Empowerment/autonomy preserving: We will work to support each member's understanding of their choices and means to move forward. We do not want a silencing effect; we seek to create opportunities for dialogue, understanding, and learning among members.

Community-based: We intend to keep the accountability process rooted in what our community needs and wants. To do this, we hope to maintain an Accountability Team that is representative of organization stakeholders, comprised of organization leadership as well as community members. 

Growth mindset: This is a developing community process, one that is responsive and emergent depending on the needs of those within our community. We acknowledge the potential shortcomings of existing processes, and welcome feedback so we may continue to build this process over time. We use the values of the organization as guideposts for our Grievance and Accountability Process, and come back to these values frequently to maintain congruence with our Code of Ethical Conduct and organization's Mission. We strive to balance pragmatism and what we can provide, given our resources, with an overall ideal of what accountability processes can look like in the best circumstances of community support. 


Once the Grievance and Accountability Process is initiated, there will be an iterative process of discussion and feedback, which proceeds in formality depending on the outcomes of such conversations. The person who has been harmed is encouraged to designate a person/persons as support and witness during any conversations with the board or other accountability community members. Similarly, the person who is the subject of the complaint is also encouraged to designate a person/persons as support and witness during subsequent conversations with the board or other accountability community members, after being initially informed about the complaint.

An Accountability Team will be created on a case-by-case basis, if and as needed depending on the nature of the grievance reported. This work entirely relies on the time offered by volunteers, and thus it may take some time to comprise a Team that has adequate representation from all stakeholders in the organization- BAOM members and board members. The person who has been harmed and the person who is the subject of the complaint will each be asked to approve the members of the Accountability Team so as to protect against conflicts of interest. Once the Team is approved, members of the Team will be informed about the identities of those involved in the grievance process and will be asked to recuse themselves if they are aware of a conflict of interest. In the event that either party refuses to participate in an Accountability Process, they will be given the opportunity to explore choices and means for how to move forward.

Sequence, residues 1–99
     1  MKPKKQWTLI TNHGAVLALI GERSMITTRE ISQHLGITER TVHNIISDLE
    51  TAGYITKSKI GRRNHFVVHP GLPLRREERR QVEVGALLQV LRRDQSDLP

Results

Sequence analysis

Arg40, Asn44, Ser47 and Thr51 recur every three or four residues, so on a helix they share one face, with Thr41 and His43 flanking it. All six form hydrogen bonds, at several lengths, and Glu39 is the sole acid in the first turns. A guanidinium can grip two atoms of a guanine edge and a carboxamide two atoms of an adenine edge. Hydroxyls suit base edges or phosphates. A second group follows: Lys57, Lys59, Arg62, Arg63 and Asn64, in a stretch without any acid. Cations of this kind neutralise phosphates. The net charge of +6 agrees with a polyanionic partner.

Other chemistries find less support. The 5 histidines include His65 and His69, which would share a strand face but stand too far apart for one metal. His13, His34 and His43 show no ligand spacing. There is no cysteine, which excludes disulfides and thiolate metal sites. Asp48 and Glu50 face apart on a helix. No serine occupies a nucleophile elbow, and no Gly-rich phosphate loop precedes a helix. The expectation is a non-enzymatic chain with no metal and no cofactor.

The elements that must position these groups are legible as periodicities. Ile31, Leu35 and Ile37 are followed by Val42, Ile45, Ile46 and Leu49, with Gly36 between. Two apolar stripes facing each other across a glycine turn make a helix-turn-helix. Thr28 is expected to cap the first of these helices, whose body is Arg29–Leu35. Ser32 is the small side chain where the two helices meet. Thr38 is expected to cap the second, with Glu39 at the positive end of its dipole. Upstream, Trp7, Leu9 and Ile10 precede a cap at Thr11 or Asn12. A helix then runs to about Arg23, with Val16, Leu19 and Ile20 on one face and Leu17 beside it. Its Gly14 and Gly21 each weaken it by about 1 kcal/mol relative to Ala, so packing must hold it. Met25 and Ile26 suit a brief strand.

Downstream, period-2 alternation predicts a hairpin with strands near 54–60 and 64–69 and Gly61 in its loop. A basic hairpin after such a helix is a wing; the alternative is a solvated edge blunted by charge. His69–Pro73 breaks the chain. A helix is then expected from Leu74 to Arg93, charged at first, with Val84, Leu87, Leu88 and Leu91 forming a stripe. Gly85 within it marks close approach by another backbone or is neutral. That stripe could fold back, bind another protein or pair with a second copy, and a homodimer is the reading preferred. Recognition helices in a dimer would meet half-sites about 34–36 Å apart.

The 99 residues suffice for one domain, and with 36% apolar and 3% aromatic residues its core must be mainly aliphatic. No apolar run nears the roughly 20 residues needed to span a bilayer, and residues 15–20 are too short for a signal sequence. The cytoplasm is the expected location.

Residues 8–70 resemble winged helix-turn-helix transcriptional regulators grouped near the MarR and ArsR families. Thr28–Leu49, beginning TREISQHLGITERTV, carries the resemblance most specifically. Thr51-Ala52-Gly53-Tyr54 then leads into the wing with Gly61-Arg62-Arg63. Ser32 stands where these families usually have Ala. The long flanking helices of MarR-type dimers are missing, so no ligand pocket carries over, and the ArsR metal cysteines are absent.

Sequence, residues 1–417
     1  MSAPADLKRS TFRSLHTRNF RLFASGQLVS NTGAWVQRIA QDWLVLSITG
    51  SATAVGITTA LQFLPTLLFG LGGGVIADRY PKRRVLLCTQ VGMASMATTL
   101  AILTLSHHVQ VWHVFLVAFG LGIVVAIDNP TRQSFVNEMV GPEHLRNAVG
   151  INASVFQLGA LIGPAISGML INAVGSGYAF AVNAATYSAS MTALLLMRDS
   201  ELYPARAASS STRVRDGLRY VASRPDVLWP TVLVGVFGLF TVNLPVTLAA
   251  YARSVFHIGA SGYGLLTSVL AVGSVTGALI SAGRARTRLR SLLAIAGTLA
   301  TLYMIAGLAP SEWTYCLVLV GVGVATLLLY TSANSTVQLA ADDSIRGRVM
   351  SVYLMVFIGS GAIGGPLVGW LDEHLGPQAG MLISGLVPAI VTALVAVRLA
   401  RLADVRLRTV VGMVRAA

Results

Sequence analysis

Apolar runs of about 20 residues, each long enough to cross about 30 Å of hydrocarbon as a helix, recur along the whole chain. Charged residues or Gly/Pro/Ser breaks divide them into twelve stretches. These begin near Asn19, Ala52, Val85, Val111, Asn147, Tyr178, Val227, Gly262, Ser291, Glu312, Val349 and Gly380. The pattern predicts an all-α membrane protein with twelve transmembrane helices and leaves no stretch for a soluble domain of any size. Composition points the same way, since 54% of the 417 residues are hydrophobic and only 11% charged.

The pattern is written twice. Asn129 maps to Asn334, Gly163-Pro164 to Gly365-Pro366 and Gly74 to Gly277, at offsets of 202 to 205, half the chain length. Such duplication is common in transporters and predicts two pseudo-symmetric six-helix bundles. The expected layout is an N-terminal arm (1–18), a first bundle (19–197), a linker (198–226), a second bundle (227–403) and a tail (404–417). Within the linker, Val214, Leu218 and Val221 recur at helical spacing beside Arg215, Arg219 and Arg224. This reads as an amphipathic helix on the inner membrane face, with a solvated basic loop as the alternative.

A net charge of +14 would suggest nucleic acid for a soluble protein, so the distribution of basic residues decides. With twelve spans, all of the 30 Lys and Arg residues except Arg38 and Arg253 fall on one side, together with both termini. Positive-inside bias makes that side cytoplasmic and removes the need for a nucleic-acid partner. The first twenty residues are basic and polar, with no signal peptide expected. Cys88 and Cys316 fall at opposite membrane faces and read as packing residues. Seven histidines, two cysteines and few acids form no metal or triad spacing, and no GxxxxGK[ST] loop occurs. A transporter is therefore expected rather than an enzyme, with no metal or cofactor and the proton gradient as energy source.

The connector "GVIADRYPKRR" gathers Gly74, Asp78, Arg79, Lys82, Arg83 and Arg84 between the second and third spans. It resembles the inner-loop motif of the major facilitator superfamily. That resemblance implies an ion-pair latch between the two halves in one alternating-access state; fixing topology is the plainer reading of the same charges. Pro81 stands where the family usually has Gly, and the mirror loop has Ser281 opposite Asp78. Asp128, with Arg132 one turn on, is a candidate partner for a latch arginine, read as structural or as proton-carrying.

The Grievance and Accountability Process is intended to make explicit how organization leadership will respond to grievances coming from membership. Relevant grievances include violations of the Code of Ethical Conduct that Bay Area Open Minds asks of all members. For example, a client not liking their BAOM therapist's interpersonal style is not a relevant grievance. Normative conflict between colleagues is not automatically a grievance. A BAOM therapist practicing conversion therapy IS a valid grievance. A BAOM therapist communicating critically with a colleague might feel hurtful or unfriendly, however, there are no explicit codes that are in violation, therefore this is not an addressable grievance. We recognize there are many ways to treat, and standards of care are evolving. We invite respectful discourse on topics of our professions and regard differences of opinion as opportunities for growth, not reason for complaint. Organization leadership responding to the complaint will discuss the specific instance with the complainant, and will collaboratively determine a path of remediation that relies on the Values listed in this document, the Mission of the organization, and the Code of Ethical Conduct

The Bylaws of BAOM are on file for the purpose of protecting the working integrity of the organization. Within these Bylaws are described the disciplinary actions that can be taken (i.e., removing membership privileges) if or as needed to legally protect the functioning of the organization. Any organization member has a right to see these Bylaws. A link to the Bylaws is available upon request by emailing: or

Like the Code of Ethical Conduct, the Grievance and Accountability Process is regarded by BAOM as a live document, intended for regular review and updates as we continue to evolve and grow as a field and as an organization. Any edits to the Process will be published to membership and all versions will be held in the BAOM archives. Please see the most recent version of this Process for current expectations of organization members.

About Bay Area Open Minds

We provide a safe haven for mental health clinicians to gather, network, support, and consult.

Our organization was founded on the values of antiracism, equity, and inclusion.